Back to the argument above. Its two premises are 'p --> q' and '~q'. Let the negation of the conclusion be true. That is, let 'p' be true. Now we have three propositions -- 'p --> q', '~q', and 'p'. But if it is true that if p, then q, then if 'p' is true, then 'q' must be true. But if 'q' is true it will contradict with '~q'. So we have a contradiction and indeed the argument is valid.

Here is another example:

If Indonesia persists in defying the IMF and go ahead with setting up a Currency Board, then the IMF will withdraw its loan. Indonesia does persist in defying the IMF and ..., Therefore, the IMF will withdraw its loan.

This argument can be case in symbolic form as follows:

p --> q p _______ Therefore, q

This argument is also valid. If we suppose that the conclusion is false, that is, if we suppose '~q' to be true, then we have a group consisting of . However, according to the truth table, in the propositional form 'p --> q', if 'p' is true, then 'q' is true also; otherwise the whole propositional form is false. Thus it is not possible for 'p --> q', 'p' and '~q' to be all true together, and hence the argument is valid.

Here is another example:

Indonesia will follow the IMF's directions or risk massive political instability. Indonesia is being in a risk of massive political instability right now. Therefore, Indonesia will follow the IMF's directions.

Recast in symbolic form, this argument becomes:

p v q q ______ Therefore, p

This is an invalid argument, as you can see. From the premises that p or q and that q, it cannot be validly inferred that p. If 'p v q' is true, 'p' can be true or false. Thus there is no guarantee that p must be true if 'p v q' and 'q' are true.

Here are some rules of valid arguments, according to most logic textbooks. Note that these rules act rather as a shortcut when you try to prove arguments valid. They are not substitutes for the thinking that you have to do in order to find out whether an argument you are considering is valid or not. In other words, these rules are not given, but they themselves must be shown to be true too. Here we will focus on only a few such rules:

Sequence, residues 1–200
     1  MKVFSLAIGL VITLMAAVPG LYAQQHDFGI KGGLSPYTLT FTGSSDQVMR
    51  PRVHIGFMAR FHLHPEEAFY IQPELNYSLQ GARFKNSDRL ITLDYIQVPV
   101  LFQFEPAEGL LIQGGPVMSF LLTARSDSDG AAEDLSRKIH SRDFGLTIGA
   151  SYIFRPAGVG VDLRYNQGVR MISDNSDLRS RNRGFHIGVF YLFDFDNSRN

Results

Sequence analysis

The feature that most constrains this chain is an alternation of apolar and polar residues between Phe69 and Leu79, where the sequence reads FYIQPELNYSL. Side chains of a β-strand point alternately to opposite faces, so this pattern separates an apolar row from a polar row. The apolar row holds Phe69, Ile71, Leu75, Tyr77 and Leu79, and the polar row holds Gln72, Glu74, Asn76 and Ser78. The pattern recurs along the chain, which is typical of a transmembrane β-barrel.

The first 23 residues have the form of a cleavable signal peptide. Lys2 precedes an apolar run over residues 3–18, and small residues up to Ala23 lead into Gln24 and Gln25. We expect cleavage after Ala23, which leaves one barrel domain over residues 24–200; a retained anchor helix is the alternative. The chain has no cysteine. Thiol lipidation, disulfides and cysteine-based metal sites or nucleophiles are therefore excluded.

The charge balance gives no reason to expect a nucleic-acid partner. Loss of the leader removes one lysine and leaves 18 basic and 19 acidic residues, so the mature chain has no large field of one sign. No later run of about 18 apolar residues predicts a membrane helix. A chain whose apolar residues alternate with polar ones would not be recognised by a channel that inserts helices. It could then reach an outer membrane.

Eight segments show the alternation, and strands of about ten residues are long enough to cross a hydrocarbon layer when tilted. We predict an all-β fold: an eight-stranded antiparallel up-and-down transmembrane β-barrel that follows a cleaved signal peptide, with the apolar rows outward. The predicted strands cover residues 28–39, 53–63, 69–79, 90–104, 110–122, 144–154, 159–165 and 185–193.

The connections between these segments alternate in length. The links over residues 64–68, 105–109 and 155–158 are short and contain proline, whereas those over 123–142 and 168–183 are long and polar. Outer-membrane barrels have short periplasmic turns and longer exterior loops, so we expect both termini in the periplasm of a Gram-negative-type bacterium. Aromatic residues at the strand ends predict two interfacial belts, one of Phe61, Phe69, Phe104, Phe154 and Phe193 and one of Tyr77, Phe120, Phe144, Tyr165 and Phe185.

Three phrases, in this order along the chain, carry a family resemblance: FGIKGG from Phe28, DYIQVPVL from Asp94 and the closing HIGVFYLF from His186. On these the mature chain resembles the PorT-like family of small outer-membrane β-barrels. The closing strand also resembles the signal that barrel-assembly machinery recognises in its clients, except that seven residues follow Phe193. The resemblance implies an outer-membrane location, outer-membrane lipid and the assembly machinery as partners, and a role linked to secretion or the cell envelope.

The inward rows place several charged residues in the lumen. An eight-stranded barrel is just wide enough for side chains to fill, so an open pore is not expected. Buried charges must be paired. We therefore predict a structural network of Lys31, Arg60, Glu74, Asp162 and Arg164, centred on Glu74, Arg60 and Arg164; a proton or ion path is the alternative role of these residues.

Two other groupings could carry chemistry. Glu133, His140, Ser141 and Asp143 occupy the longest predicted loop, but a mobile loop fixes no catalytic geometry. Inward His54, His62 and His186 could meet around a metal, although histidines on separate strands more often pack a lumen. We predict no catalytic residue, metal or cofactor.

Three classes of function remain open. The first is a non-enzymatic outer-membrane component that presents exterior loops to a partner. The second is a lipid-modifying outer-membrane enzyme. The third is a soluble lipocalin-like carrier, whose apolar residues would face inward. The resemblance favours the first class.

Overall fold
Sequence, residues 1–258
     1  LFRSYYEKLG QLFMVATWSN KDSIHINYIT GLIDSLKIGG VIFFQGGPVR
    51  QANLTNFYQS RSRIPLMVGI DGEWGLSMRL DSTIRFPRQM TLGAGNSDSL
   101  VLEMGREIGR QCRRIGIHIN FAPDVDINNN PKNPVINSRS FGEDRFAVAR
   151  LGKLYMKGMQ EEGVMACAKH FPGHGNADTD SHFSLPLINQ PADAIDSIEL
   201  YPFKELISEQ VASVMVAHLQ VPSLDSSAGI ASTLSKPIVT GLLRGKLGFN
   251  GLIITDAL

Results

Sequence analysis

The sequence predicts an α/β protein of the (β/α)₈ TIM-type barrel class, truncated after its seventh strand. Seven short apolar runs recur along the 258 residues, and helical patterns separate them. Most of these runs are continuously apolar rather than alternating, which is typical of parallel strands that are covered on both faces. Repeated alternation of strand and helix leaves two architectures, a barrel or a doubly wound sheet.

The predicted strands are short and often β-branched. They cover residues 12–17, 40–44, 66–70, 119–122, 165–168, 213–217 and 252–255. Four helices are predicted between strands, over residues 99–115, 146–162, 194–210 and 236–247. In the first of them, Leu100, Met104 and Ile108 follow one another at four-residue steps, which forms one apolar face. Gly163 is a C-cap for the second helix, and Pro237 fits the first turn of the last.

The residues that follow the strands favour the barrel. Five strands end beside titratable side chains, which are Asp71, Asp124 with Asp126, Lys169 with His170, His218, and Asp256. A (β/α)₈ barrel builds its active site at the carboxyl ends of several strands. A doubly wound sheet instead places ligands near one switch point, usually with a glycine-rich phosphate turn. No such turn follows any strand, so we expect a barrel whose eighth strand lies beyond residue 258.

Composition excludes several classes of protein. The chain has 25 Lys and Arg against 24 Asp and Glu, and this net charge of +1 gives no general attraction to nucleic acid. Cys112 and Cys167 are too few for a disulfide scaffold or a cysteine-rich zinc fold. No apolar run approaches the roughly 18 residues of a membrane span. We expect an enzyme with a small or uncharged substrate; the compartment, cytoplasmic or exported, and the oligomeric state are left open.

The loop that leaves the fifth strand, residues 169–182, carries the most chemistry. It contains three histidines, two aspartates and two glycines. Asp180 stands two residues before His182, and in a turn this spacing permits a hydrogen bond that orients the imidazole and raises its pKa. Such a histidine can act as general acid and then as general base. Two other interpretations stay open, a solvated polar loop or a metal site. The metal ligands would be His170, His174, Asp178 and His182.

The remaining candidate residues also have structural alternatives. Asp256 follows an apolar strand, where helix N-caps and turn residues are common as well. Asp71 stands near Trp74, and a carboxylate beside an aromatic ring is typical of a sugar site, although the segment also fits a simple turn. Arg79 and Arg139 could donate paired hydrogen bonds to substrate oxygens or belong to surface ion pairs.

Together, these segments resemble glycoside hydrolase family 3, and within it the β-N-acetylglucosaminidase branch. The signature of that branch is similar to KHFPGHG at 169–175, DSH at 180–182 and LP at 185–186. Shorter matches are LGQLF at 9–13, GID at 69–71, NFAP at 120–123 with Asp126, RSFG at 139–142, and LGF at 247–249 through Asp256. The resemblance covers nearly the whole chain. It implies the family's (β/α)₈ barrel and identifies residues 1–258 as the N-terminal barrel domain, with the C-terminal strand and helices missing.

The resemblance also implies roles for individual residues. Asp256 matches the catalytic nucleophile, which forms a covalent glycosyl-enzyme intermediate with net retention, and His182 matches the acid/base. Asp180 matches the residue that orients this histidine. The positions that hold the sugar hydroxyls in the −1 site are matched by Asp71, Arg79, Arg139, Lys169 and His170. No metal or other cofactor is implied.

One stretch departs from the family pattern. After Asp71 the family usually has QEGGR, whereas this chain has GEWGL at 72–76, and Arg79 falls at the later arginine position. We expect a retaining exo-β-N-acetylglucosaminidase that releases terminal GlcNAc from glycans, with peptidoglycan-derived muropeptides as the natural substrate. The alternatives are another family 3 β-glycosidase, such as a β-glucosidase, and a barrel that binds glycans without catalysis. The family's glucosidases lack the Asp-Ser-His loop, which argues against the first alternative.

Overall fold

**Modus Ponens**- The rule of modus ponens says that, if 'p' and 'p --> q' are true, then q must be true. We have already shown in the text above hos this is a form of a valid argument.
**Modus Tollens**- Modus tollens works in the opposite direction from Modus Ponens. It says that any argument of the form 'p --> q, ~q, therefore ~p' is valid. You can see why.
**Disjunctive Syllogism**- Disjunctive Syllogism says that any argument of the form 'p v q, ~p, therefore q' is valid, so is 'p v q, ~q, therefore ~p.'
**Simplification**- Simplification is what it says. The conclusion "simplifies" the premise(s). More precisely it is the rule saying that if 'p & q' is true, so is 'p' and 'q'. Example: Chavalit is a soldier and a politician; therefore, he is a politician. Usually this kind of argument is not often found in real life because why would one want to make it? However, it is useful in constructing proofs.
**Addition**- This is another simple rule. If you have any proposition, say q, as a premise, then you can always conclude 'q v p' where 'p' is any proposition you like. It does not matter whether 'p' is true or false here. (Why?)